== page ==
Another test we can use to determine best fit to the text is the distance narrative described in the articles Plotting Alma, The Usumacinta/Sidon Correlation, and Test #6 Relative Distances. For a variety of reasons, we believe 15 air kilometers is a reasonable approximation for the value of the standard Nephite distance measure "one day's journey." See the article "Land Southward Travel Times." The text is so explicit on the distance between Nephi and Zarahemla (Mosiah 23:3, Mosiah 24:20, Mosiah 24:25 total 21 days) one senses Mormon is leaving bread crumb clues in his record so we moderns can locate these landmark locations 1,600 years later. This is how the various Nephi to Zarahemla candidates measure up in ascending distance order:
  • Tzalcam to Salinas de los Nueve Cerros 105 air kilometers or 5 km/day
  • Tzalcam to Ceibal 162 air kilometers or 7.7 km/day
  • San Juan to Yaxchilan 201 air kilometers or 9.6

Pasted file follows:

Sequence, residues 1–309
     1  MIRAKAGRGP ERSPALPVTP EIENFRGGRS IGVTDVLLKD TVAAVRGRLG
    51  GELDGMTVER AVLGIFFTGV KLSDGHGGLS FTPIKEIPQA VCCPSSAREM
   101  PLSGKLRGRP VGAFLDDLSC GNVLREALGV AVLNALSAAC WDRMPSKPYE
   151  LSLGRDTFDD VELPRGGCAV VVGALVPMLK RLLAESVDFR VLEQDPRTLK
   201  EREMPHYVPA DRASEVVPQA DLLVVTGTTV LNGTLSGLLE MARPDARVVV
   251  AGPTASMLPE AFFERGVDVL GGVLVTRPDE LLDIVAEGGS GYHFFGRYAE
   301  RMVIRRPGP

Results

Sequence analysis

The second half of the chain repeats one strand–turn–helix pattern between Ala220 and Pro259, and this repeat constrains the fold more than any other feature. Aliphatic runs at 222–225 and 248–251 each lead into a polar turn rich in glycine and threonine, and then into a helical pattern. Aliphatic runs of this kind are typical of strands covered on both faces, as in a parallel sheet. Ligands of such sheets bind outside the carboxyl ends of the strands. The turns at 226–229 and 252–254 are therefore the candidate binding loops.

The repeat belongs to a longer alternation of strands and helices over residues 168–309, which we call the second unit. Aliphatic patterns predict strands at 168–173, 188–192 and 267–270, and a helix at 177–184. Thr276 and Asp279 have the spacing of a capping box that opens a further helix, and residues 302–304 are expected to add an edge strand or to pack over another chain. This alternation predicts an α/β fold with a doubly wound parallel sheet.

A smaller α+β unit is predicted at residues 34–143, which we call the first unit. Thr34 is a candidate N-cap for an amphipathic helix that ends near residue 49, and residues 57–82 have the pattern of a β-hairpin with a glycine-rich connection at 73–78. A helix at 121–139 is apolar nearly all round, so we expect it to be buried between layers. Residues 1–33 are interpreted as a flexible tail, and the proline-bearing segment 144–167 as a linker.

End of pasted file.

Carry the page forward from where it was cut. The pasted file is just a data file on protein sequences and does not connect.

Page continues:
• Kaminaljuyu to Santa Rosa 258 air kilometers or 12.3 km/day
  • Kaminaljuyu to Santa Cruz 318 air kilometers or 15.1 km/day
  • Kaminaljuyu to Nueva Esperanza 376 air kilometers or 17.9
But, closely reading the text, it is clear the 21 day distance is not from city to city, but rather from the wilderness outside Nephi/Shilom to the wilderness border of the lesser land of Zarahemla. This reduces the linear distance Alma and his people traveled to a value closer to these numbers:
  • Tzalcam to Salinas de los Nueve Cerros 83 air kilometers or 4 km/day
  • Tzalcam to Ceibal 120 air kilometers or 5.7 km/day
  • San Juan to Yaxchilan 188 air kilometers or 9 km/day
  • Kaminaljuyu to Santa Rosa 220 air kilometers or 10.5
  • Kaminaljuyu to Santa Cruz 305 air kilometers or 14.5
  • Kaminaljuyu to Nueva Esperanza 322 air kilometers or 15.3
Salinas de los Nueve Cerros and Ceibal fail the distance test. People simply traveled  further than 4 - 6 air kilometers per day in southern Mesoamerica. Historically attested travel contradicts such short distances. Yaxchilan and Santa Rosa are marginal. 9 - 11 air kilometers per day is shorter than we would expect after examining known pre-industrial travel patterns in the area. Santa Cruz and Nueva Esperanza are right in the sweet spot. These two pass the distance test and are the Zarahemla candidates that best fit the text based on the day's journey criterion.